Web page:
Oxidatively modified autoantigens in autoimmune diseases

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Abstract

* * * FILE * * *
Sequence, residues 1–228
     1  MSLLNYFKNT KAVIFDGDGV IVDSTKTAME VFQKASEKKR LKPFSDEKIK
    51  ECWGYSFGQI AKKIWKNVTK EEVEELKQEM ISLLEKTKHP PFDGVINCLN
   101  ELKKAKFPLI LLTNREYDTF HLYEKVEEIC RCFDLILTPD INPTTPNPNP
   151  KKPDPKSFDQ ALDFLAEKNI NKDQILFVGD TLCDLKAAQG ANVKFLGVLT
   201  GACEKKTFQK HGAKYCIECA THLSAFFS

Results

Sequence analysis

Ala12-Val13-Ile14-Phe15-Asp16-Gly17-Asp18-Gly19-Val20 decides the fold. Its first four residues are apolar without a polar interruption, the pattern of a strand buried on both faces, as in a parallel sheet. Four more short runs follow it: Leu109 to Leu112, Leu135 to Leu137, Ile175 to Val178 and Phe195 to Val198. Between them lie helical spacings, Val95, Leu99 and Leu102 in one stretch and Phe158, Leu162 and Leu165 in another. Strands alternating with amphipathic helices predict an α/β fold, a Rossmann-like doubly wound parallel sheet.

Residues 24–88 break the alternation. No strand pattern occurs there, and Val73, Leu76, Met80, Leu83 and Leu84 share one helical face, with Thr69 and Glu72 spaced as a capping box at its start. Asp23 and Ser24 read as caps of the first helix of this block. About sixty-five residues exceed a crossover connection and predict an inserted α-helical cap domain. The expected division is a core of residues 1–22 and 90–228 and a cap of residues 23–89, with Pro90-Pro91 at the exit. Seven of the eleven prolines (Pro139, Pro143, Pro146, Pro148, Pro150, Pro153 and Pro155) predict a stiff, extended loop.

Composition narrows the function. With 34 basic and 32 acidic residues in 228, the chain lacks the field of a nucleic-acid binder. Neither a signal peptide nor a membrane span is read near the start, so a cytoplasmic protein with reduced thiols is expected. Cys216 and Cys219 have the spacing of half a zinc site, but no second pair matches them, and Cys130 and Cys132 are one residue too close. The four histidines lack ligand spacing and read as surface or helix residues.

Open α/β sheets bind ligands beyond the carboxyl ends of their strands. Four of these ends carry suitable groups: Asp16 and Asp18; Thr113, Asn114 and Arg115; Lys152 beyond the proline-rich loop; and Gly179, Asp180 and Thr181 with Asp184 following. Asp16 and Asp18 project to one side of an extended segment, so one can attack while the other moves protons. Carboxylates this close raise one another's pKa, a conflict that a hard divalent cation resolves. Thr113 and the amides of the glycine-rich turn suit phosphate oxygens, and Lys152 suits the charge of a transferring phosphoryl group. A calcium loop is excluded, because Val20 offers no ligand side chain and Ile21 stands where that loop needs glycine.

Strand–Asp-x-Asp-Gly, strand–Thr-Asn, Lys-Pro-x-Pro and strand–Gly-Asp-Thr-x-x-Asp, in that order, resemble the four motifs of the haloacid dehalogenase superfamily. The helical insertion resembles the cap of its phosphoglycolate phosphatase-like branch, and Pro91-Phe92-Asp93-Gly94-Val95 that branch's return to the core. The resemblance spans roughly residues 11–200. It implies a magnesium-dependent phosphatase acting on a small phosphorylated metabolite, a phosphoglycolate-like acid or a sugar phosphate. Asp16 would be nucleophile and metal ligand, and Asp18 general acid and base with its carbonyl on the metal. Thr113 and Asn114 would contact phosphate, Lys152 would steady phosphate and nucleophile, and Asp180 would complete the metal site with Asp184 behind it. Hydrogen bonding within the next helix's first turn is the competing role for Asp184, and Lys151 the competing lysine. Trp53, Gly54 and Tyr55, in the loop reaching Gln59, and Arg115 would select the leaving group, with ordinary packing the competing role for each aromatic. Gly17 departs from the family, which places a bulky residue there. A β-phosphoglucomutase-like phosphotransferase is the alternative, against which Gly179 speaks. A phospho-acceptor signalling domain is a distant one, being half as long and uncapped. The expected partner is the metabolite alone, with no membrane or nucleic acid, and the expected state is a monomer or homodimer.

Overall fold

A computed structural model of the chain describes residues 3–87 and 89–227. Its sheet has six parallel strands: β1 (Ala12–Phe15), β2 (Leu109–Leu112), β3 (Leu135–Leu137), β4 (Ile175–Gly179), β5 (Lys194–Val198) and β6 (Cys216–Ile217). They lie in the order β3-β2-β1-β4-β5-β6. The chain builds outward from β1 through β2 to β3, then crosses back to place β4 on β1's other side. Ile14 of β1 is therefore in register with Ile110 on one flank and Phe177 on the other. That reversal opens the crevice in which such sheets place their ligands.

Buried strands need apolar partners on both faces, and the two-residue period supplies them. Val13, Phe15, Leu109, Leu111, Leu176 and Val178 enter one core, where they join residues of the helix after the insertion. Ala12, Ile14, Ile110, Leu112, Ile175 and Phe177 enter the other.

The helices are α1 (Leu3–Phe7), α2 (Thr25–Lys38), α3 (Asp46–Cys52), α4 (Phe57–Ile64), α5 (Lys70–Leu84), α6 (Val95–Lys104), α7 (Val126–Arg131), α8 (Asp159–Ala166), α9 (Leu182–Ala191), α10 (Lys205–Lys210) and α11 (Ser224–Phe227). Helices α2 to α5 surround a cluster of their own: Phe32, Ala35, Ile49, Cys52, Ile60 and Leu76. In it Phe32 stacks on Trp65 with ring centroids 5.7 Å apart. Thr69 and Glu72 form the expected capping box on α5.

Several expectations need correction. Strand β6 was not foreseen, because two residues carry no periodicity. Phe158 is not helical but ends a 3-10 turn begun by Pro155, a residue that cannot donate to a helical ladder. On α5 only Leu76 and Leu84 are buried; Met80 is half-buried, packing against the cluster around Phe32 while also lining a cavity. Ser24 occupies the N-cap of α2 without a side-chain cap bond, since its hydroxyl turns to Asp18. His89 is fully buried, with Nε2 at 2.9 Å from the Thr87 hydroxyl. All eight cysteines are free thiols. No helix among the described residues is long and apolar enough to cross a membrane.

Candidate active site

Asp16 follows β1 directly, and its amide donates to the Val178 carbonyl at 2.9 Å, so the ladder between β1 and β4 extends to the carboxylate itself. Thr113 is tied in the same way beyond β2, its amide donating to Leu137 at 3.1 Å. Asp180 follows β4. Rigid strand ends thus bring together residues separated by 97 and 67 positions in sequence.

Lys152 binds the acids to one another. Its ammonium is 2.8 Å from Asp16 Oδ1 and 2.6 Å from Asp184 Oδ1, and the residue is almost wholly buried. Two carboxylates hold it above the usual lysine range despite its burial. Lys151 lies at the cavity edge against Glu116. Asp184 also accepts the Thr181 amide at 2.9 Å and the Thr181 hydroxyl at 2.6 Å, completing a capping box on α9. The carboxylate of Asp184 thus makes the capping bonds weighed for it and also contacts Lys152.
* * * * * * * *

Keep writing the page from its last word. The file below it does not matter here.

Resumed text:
Free radical-mediated oxidative damage and consequent protein modification by the end products of oxidative damage are important mediators of cell toxicity and disease pathogenesis. Aldehydic products, mainly the 4-hydroxy-2-alkenals, form adducts with proteins and make them highly immunogenic. Oxidative modification of proteins has been shown to elicit antibodies in a variety of diseases including systemic lupus erythematosus (SLE), alcoholic liver disease, diabetes mellitus (DM), and rheumatoid arthritis (RA). Oxidatively modified DNA (8-oxodeoxyguanine) and low-density lipoproteins (LDL) occur in SLE, a disease in which premature atherosclerosis is a serious problem. In addition, immunization with 4-hydroxy-2-nonenal (HNE)-modified 60-kDa Ro autoantigen elicits an accelerated epitope spreading in an animal model of SLE. Advanced glycation end product (AGE) pentosidine and AGE-modified IgG have been shown to correlate with RA disease activity. Oxidatively modified glutamic acid decarboxylase is important in type 1 DM, while autoantibodies against oxidized LDL are prevalent in Behcet’s disease. The fragmentation of scleroderma-specific autoantigens occurs as a result of oxidative modification and is thought to be responsible for the production of autoantibodies through the release of cryptic epitopes. In the face of overwhelming evidence for the involvement of oxidative damage in autoimmunity the administration of antioxidants is a viable untried alternative for preventing or ameliorating autoimmune disease, although results in cardiovascular disease are disappointing.

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